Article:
Islam in Mali: A Country in Crisis

The country of Mali in West Africa is in crisis. A military coup in March was followed by a revolt of Tuareg fighters, who seized two-thirds of the northern part of the country. This has left a country divided. It has left Malian Muslims divided.

There are armed groups in the north that are Malian-led — the Islamist sect Ansar Dine and the MNLA, the Tuareg separatist movement. But there is also the presence of al-Qaeda in the Islamic Maghreb, a Mali-based Islamist militant organization with an aim to overthrow the Algerian government and institute an Islamic state. A story last week (11/29/12) via Al Jazeera included a taped message from the head of al-Qaeda in the Islamic Maghreb that warns Malians against “foreign invading crusaders.” He called for reconciliation of Muslims in Mali without bloodshed. He urged Malians to save the country from outsiders who sought to divide the country.

Watch a portion of the taped message in the Al Jazeera story here.

But another side of the story can be read in The Guardian. Here Malians express their readiness to fight to regain the north, but these displaced persons seek international help to do so.

Hear from Malians in The Guardian story here.

The U.N. Security Council will consider a plan for regional intervention on Wednesday (12/5). The plan includes a force of 3,300 soldiers from the African Union and ECOWAS (Economic Community Of West African States) to assist the Malian army to retake the northern region, likely in the second half of 2013. Mali interim President Diouncounda Traore believes if the terrorists are allowed the time to dig in their heels in the north, they will attack neighboring countries; he calls for action much sooner and believes that the threat to global security is too great to wait.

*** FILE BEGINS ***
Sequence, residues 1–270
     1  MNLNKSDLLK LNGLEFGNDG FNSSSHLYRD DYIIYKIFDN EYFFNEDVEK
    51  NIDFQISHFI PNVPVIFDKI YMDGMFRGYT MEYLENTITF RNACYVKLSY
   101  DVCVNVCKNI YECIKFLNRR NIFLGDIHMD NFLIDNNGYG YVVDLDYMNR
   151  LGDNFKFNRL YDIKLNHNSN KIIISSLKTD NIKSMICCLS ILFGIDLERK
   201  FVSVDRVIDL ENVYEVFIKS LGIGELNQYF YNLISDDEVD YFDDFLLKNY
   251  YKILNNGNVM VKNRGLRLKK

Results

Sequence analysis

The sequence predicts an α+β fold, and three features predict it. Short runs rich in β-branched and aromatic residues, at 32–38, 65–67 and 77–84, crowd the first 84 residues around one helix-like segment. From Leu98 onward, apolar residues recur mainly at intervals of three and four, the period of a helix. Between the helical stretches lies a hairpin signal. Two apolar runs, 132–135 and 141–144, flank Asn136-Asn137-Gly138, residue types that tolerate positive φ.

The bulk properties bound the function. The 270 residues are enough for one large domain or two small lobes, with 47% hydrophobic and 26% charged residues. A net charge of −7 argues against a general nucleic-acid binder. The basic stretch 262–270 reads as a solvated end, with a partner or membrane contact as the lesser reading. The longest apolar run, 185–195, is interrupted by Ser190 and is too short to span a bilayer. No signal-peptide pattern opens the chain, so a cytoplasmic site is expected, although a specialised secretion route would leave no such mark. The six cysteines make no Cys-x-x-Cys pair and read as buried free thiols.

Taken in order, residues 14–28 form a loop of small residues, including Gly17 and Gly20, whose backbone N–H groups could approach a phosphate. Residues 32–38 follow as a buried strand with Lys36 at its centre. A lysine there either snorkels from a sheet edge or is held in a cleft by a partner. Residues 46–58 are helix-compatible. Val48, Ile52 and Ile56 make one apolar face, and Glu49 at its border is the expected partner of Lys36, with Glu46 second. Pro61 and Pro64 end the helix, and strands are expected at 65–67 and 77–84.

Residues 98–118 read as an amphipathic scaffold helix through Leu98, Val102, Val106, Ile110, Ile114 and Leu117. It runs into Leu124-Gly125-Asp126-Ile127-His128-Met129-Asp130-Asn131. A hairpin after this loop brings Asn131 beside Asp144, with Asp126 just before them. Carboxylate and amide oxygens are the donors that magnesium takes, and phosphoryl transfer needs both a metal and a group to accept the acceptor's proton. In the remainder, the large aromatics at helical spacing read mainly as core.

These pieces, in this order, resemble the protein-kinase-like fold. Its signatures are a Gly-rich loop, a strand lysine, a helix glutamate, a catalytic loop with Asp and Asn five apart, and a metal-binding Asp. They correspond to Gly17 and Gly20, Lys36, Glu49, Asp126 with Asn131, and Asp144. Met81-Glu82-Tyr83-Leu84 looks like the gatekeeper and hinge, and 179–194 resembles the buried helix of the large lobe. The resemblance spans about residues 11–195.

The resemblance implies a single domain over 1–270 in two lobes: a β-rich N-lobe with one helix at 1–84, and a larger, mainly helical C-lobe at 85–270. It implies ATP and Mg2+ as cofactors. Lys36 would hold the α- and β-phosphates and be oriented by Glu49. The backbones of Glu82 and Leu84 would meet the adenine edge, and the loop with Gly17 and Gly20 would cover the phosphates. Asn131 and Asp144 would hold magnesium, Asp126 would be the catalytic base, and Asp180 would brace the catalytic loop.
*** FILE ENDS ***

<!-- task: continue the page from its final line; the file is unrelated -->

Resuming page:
Read more of Presdient Traore comments here.

UPDATE (12/6/12): The Malian government and the two rebel groups Ansar Dine and the MNLA sat down for talks in Burkina Faso on Tuesday. They agreed to respect the country’s “national unity.” A statement issued after the talks said that they agreed “on the respect for Mali’s national unity and territorial integrity”, and “on the rejection of any form of extremism and terrorism.” Despite the agreement, neighboring countries are still seeking a call from the U.N. to authorize military intervention as “no commitments” other than gathering for negotiations have been made.

Read more about the talks here.

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